Agreed. What "Dead genius"? Steve Jobs never designed or build anything himself - he was a salesman and stylistic designer, not an engineer. And considering that his stylistic input were all, fundamentally, built on the design principles of others (Henry Dreyfuss' principles, for one, plus of course Xerox) even his stylistic endeavors can be reasonably called into question as being truly 'individualistic'.
Two hours for 65 miles?
It was two hours for about 72 miles. And I guess you've never heard of TRAFFIC - you're all a wonderful bunch of pompous, self-important windbags on this "forum". Patting yourselves on the back on how SPECIAL you are, on oh! so many different story threads.
Do you know what it is like to end a day's work, travel a 110 MINUTE 108km commute to arrive...at a person's door who is desperately asking you for help, only to stay to 1 O'CLOCK in the morning fixing the problems to then drive 40 minutes back home, in order to wake up at 6 A.M. for the next day's workday?
I SERIOUSLY doubt it.
So, I'VE BEEN THERE. And I've put my money where my mouth is with that above post. I've put in more after-work hours on outside IT help than you people will ever do in your lifetime. I can't even COUNT how many times I've gone to a person's house after my standard workday just to work past midnight on their issues - I don't think my brain can rationalize a figure that large.
And, yes, for some people I did it without charge. Later, when the visits got regular, I did indeed charge...based upon their ability to pay. A number of people were middle class everyday workers and for all those hours I'd ask for (far) less than $100. For the businesswoman, I charged more.
After doing the above for, oh, err, say 12 years (?) I had some serious life issues and stepped away, unable to dedicate that much time - to just about anything, really. Yes, I *do* feel that I have my life back! But I did help people who were in need...and lost a good elderly man that I was helping and got to know well to cancer. I watched him fade away as I continued my IT support visits to him, and then several years later watched my own father die in the exact same fashion. It was too much to bear.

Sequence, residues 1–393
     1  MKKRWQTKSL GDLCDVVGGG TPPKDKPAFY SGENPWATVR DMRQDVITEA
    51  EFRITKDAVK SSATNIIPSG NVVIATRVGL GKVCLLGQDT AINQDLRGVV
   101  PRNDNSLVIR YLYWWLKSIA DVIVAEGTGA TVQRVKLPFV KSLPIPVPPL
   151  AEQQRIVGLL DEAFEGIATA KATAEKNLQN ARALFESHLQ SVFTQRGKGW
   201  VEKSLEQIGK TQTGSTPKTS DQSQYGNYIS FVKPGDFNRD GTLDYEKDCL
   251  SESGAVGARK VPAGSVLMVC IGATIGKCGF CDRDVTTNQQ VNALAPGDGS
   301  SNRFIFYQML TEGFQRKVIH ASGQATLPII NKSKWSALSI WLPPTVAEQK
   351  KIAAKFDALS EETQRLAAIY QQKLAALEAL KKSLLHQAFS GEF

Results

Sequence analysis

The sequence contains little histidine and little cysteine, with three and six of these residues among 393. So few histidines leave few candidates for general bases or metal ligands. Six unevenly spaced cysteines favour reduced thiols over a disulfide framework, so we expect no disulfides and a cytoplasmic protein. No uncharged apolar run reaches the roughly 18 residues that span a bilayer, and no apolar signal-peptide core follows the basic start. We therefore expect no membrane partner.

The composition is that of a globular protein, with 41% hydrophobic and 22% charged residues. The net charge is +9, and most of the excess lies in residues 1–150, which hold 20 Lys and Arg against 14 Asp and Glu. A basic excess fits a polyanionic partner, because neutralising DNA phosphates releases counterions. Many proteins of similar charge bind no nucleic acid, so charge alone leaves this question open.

But I helped the people who needed help, and I felt rather honored that they would trust me enough to bring me into their homes and businesses to work on the equipment where they place so much of their lives into. Luckily my days of hand-recovering data from crashed hard drives and piecing damaged OS's back together is long behind me :)
Wow. Talk about short temper! Someone asks you for assistance and [he's] automatically a PITA fucker?
You seem to believe that all old people must automatically delve into the latest and greatest automation systems in order to be a functional part of society, that full comprehension of current technology is a must-have for every living soul.
No empathy whatsoever.
Have you ever considered that old people have other activities in their lives, that the technology forced upon them by modern society is not their main interests, and that actually asking for help is unreasonable? No one is saying that YOU must give the help, but your tirade of a column seems to make is so that their even *asking* for help is an abomination to modern living.
"Most of my neighbours are retired but that’s no excuse. Being eligible to book a world cruise with Saga ought not to make them technologically helpless"
YES, IT IS.
Just because YOU center your life around understanding modern technology does not mean that EVERYONE must do the same. Their lives are based upon other interests - do YOU make it a point to completely and utterly service EVERY SINGLE DEVICE in your life, including every single service on your vehicle(s) personally as well as replacing the defective IC chips in that blown-out stereo system? No, I doubt you do. You have other interests, other activities, that you would rather be doing than training yourself in keeping up mundane servicing of mechanisms in your life.
For these old people, it is the same. They have other personal interests that do NOT center around the fact that they simply "must" be on Facebook otherwise their peer neighbors won't think highly of them and then not invite them to the next district cookout. But you, so high and mighty, look dow on them: How DARE they not know how to work and maintain every technological toy near them! How gastly!!!
Refuse the requests for service - that is your right. But don't act as if the entire world must be so on top of what YOU perceive as interesting that they must have the same proficiency in the area as you do. Look at the request as flattering - they perceive you as knowledgeable and helpful - but that does not mean that you must bow to their wishes - refusing to help, because of your *own* time-taking life patterns, is valid.
Re: On a completely unrelated note...
Took me a second to reference that one. Classic!
Re: whats big?
And on that, I'll agree with AC 14:28 - Emperor's New Clothes.
Big Data, (adj):
1) A cute, supposedly cut-and-dry New Word for old problems with, supposedly, new solutions.
2) An appellation, applied by technologists in order to appear as expertise in an amorphous field where growth has been continual yet specific job descriptions applying to said field has been lagging.